The Big Short
I recently received a copy of The Big Short by Michael Lewis and read the book immediately. It is a quick read and is one of those books you do not want to put down. The characters are full of interesting quirks and traits and there are many laugh-out-loud moments.
This book will appeal to nearly everyone, and I think non Wall Street readers will enjoy it as much as those that lived it. Michael has a great ability to tell a story, and he does it well in this book. It also does a decent job of explaining what went on with in the subprime mortgage industry and the subsequent securitization of MBS/ABS/CDO/etc. that ultimately lead us to the brink of financial collapse and, perhaps more importantly, how few people actually understood what was going on. It is also correctly critical of the ratings agencies and their lack of diligence.
In my view, here is the breakdown of who was at fault to varying degrees:
* borrowers willing to lie about their income wanting to play the housing bubble
* lenders – really originators – who only cared about feeding the system with new loan apps and had no care about the quality of the loans or the consequences
* banks who purchased loans – and even originator firms – to feed the system and fed them with money and instructed them to get as many apps as you can with little standards
* ratings agencies – willingly sold their triple-A ratings for profit – with little understanding of what they were rating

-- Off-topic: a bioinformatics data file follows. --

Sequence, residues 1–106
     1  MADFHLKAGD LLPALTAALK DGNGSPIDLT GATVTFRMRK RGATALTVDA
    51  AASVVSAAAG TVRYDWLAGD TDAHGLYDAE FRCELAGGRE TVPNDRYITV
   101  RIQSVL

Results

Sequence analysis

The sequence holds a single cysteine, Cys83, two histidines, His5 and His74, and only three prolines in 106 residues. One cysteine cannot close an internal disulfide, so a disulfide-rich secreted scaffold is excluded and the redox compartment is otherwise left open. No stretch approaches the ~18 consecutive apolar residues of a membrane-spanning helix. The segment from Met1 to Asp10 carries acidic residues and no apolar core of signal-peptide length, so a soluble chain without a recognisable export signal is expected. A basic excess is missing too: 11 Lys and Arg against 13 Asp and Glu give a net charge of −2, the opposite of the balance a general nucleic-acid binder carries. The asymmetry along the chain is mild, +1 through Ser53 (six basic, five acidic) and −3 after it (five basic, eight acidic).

* regulators – totally asleep the entire time… even when explained what was happening, did not care.
* investors – trusted the ratings assigned to the product, without any research on their own part.
* politicians – have pushed the idea that homeownership is somehow an important indication of success, and pushed the limits of credit in order to elevate the homeownership rate on their watch… ultimate leading to credit being extended to people with no business owning a home
* auditors – also asleep at the wheel and never questioned what was inside these ‘investment grade’ assets or the accounting of the risk being taken. Much like Enron, these investment banks were simply ‘black-box’ earnings machines.
Many things ultimately led to the crisis, and the madness of crowds certainly played a role. Still, if we learn from it and change the system, there can be a benefit. If we pretend it was a one-off event and change nothing, we are bound to repeat it. It will be exceptionally difficult to change the system. In this political climate were we cannot appoint judges and Fed members, I am skeptical we can accomplish the serious reform needed. In any event, read this book and understand how these few people saw what was happening ahead of time and turned it into the opportunity of a lifetime.
Filed under: General
Posted on March 31st, 2010 by Bob Brinker